An intentional community (IntComm) is a community which is planned around the common good from its beginning.
Such communities have always been essential to the Holy Church. The Apostolic Communes mentioned in Acts 2:42-47 and Acts 4:32-37 serve as the inspiration for the many Christian communities which followed. Christian IntComms include the many monastic movements of the Church—the Antonians, Basilians, Benedictines, Brigettines, Cistercians, Domincians, Trappists, etc—as well as various other communities such as the Basiliad, the Beguines and Beghards, the Jesuit reducciones, the Catholic Worker Movement, and the Focolare. Some radical protestant movements have also formed admirable communities, such as the Jesus Family in China. The anabaptist tradition has produced both the Amish and the Bruderhof, both of which have been successful in maintaining a strong Christian culture.
It can be hard to imagine a radically different lifestyle. And it is true that the vast majority of IntComms fail. Why is this?
First, living a life in contradiction to the economics and culture of modernity is not easy. In premodern society, the “creative destruction” of capitalism, in which market forces tear apart communities and families, did not exist. Culturally, people did not hold the modern ideal of individual freedom, but recognized the true freedom of virtue and the common good. While no utopia, the status quo of the medieval village was supportive of family values and traditional life. Today, however, the status quo of society is actively harmful to anybody who wants to live a good and holy life.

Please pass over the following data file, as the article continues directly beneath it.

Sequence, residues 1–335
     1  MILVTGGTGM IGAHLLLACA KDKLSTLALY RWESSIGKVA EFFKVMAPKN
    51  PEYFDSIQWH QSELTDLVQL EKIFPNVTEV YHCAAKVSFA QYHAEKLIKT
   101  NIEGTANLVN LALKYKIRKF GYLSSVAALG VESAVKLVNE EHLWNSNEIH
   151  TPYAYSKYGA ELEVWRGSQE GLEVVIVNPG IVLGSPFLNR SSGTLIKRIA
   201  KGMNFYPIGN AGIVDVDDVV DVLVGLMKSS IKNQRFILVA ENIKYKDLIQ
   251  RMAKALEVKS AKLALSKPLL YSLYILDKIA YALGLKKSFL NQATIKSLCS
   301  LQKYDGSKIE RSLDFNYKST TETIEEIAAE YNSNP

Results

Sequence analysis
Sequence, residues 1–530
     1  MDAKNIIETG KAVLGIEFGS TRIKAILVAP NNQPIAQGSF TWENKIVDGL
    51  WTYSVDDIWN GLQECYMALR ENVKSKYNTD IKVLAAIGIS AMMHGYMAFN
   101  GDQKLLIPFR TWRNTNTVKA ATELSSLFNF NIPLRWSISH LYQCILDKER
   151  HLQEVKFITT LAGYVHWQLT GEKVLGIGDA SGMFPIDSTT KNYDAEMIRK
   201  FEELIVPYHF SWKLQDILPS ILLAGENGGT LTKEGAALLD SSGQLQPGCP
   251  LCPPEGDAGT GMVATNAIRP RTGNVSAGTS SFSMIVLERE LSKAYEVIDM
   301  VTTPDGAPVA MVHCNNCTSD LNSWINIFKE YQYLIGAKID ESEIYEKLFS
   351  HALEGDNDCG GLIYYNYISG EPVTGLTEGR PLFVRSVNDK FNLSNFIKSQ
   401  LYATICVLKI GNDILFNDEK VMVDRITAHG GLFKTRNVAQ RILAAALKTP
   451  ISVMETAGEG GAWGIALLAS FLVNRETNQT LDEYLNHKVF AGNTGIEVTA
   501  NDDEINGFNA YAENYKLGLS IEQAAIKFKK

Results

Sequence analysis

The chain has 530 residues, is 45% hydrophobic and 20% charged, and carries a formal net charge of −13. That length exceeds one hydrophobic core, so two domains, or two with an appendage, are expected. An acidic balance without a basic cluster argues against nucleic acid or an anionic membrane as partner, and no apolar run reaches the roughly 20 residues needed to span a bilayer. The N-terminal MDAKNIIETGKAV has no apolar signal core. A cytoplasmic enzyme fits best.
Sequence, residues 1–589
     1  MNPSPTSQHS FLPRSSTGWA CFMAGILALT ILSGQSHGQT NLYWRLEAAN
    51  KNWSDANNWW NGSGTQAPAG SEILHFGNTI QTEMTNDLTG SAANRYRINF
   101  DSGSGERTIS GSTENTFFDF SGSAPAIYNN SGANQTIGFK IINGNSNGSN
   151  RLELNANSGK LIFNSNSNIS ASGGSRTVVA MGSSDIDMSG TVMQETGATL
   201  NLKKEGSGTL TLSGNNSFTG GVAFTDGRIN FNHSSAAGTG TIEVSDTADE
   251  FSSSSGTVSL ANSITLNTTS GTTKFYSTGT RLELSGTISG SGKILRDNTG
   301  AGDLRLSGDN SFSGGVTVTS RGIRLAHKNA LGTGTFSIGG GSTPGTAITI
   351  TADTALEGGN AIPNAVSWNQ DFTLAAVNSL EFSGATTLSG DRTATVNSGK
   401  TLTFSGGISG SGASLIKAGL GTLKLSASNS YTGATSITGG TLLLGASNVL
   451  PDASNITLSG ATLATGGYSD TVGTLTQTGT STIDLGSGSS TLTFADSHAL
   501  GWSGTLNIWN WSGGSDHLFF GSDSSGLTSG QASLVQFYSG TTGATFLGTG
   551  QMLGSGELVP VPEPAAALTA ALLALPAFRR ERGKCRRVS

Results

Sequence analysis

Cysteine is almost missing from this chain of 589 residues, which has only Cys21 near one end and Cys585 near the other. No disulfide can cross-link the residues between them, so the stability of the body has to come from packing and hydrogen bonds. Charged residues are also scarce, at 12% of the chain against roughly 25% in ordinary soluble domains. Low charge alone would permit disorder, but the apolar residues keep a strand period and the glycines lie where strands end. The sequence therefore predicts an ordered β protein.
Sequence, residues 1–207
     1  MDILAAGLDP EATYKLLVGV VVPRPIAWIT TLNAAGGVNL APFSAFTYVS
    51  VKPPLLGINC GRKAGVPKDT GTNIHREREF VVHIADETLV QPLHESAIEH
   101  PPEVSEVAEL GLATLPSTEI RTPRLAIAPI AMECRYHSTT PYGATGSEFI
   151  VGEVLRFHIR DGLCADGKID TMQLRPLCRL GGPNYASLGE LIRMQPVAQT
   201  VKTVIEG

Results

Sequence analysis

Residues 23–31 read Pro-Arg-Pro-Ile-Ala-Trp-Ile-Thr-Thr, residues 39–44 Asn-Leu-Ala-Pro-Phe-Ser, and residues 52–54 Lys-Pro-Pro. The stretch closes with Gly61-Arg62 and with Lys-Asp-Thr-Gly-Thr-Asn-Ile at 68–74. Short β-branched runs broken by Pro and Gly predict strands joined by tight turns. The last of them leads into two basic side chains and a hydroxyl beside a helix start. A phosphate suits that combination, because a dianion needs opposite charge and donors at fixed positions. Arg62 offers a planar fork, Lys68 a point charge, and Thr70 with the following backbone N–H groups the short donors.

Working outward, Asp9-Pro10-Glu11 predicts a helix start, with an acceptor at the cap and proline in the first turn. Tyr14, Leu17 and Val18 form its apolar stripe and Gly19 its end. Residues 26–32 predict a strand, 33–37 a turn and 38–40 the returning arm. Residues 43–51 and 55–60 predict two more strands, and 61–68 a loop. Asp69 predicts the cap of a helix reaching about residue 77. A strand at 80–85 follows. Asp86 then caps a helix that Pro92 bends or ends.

Second, many secular movements fail to recognize what makes an IntComm work. God must be at the center of any community which seeks the common good. The counsels of perfection—chastity, poverty, and obedience—serve an important role in binding IntComms together. Celibacy or lifelong marriage, the partial or complete sharing of goods, and rules which dictate decision-making and hierarchy can be observed in all long-lived IntComms.
However difficult IntComm may seem, Catholics cannot afford to accept the depravity of the modern world, even if this means putting our “comfortable” lives at risk. Our Lord commands us to “seek first the kingdom of God and his righteousness, and all these things will be given you besides” (Matthew 6:33).
An IntComm is a place to raise families of saints. For those who despair about the future, it could easily become a castle in which to hide and wait for the end times. But for the integralist, it is a bivouac—a war camp—which sustains and strengthens those who do battle with the world. The economic support network, the traditions and moral customs, and the relationships centered around God create a small society which leads people to virtue. A successful IntComm can become a hub for building up parishes, evangelization, and the struggle for social justice.
An intentional community is integralism on a small scale. It is not a retreat from political engagement, but a springboard for holy men and women as they work together in building a better world.